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SINGAPORE: A total of 3,912 people have been caught using and possessing e-vaporisers or vapes between January and August this year as the number of cases continues to rise annually. 

In 2021, 4,697 people were caught for the same offence, more than triple the figure of 1,266 in the previous year.

In 2019, the number stood at 811.

Providing an update on Tuesday (Sep 27), the Health Sciences Authority (HSA) said 428 people have been caught selling vapes from 2018 to August 2022. A total of 91 were prosecuted in the same period. 

Although the use, purchase and possession of e-vaporisers were banned in Singapore from February 2018, such products continue to be sold online and smuggled into the country.

“HSA works closely with our partner agencies to stem the flow of e-vaporisers smuggled through the checkpoints and via online orders,” said the agency.

It added that it monitors social media platforms and messaging apps for anyone suspected of selling vapes, refill liquids and cartridges. 

“We work with related e-commerce sites to shut down such listings promptly upon detection. To complement our enforcement operations, HSA has also collaborated with online platforms like Instagram, Facebook, Carousell … to remove illegal postings on tobacco-related products,” said HSA.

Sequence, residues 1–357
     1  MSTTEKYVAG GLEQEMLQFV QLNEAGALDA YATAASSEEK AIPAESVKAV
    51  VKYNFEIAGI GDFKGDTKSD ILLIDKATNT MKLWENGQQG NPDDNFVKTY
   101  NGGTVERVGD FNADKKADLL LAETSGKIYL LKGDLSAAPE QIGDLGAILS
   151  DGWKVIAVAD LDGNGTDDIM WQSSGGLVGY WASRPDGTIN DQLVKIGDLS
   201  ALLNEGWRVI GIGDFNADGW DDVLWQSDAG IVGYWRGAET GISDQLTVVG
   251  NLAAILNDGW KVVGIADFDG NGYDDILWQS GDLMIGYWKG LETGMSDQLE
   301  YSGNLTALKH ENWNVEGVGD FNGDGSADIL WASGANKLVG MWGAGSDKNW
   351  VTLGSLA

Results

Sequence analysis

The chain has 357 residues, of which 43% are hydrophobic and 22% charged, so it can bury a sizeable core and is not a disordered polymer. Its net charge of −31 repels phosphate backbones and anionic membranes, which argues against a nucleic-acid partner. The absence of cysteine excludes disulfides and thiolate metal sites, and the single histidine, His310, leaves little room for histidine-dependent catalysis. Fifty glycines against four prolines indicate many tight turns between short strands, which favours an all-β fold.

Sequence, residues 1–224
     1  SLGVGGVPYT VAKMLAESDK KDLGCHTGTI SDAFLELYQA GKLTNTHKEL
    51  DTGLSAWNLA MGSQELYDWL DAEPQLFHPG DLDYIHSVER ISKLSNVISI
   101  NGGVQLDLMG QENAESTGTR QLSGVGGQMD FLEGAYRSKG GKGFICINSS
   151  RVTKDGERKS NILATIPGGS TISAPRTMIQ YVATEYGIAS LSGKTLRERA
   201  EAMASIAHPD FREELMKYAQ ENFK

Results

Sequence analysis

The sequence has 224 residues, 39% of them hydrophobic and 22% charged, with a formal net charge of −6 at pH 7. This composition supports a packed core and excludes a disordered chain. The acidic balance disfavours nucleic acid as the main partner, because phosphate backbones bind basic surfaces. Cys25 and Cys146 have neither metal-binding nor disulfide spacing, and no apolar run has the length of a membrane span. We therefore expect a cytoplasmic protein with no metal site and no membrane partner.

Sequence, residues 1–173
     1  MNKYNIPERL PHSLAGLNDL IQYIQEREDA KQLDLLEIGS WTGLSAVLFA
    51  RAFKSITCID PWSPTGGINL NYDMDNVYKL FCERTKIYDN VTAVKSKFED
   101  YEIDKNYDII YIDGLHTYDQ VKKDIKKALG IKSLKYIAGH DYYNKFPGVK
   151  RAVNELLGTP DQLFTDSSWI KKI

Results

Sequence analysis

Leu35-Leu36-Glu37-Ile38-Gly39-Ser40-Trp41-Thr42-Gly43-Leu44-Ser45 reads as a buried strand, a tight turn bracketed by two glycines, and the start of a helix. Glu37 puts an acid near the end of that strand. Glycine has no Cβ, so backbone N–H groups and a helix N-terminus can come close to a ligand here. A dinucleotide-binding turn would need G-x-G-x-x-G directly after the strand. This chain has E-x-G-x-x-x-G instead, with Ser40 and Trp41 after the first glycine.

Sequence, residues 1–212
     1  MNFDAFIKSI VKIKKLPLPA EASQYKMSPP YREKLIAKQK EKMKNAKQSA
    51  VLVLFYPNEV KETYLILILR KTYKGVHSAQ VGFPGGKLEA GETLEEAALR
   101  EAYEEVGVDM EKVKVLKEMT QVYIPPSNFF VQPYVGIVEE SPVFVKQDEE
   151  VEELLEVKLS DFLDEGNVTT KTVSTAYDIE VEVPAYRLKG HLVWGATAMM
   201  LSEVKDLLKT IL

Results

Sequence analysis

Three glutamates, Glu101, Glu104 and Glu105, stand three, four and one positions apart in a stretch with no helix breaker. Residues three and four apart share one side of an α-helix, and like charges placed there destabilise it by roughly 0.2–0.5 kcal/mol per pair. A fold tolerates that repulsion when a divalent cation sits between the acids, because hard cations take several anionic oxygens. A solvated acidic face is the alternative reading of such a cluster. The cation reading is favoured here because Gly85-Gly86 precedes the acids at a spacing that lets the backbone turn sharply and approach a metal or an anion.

In 2021, more than 6,800 postings were removed.

HSA said Singapore adopts a multipronged approach to tackle the use of e-vaporisers, comprising legislation, enforcement, public education and counselling.

In May, illegal vape products estimated to be worth more than S$1 million were burned at the Tuas South Incineration Plant as part of the HSA’s enforcement operations. This included an estimated 6,500 e-vaporisers, 83,500 pods and 8,000 e-liquids.

On Monday, HSA said 17 people were convicted for selling vapes between February and August this year, with total fines amounting to S$114,500. Five people were also given jail sentences ranging from 10 to 26 days.

Authorities are also working to address the issue of teenagers getting hooked on vaping. 

A student health adviser told CNA in June that some students who vape have the misconception that it is a healthier substitute for smoking.

To tackle the issue, HSA said it works with the Ministry of Health, the Health Promotion Board and the Ministry of Education “through targeted education and enforcement strategies for youth”.

Offenders found to be selling, possessing for sale, importing or distributing e-vaporisers can be fined up to S$10,000, jailed for up to six months, or both for the first offence.

Repeat offenders could be fined up to S$20,000, jailed for up to one year, or both.